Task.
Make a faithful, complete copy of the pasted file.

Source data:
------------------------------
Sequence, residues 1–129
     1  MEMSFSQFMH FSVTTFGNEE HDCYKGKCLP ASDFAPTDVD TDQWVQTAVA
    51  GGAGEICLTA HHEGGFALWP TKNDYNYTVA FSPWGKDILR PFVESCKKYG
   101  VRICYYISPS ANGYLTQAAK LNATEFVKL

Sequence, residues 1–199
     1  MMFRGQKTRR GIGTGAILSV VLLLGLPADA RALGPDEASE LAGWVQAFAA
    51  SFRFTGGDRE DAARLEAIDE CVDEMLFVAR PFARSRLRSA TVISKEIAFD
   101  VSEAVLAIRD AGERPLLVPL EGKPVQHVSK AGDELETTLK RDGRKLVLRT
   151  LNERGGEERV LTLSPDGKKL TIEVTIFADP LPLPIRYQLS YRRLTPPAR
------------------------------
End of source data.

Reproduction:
Sequence, residues 1–129
     1  MEMSFSQFMH FSVTTFGNEE HDCYKGKCLP ASDFAPTDVD TDQWVQTAVA
    51  GGAGEICLTA HHEGGFALWP TKNDYNYTVA FSPWGKDILR PFVESCKKYG
   101  VRICYYISPS ANGYLTQAAK LNATEFVKL

Sequence, residues 1–199
     1  MMFRGQKTRR GIGTGAILSV VLLLGLPADA RALGPDEASE LAGWVQAFAA
    51  SFRFTGGDRE DAARLEAIDE CVDEMLFVAR PFARSRLRSA TVISKEIAFD
   101  VSEAVLAIRD AGERPLLVPL EGKPVQHVSK AGDELETTLK RDGRKLVLRT
   151  LNERGGEERV LTLSPDGKKL TIEVTIFADP LPLPIRYQLS YRRLTPPAR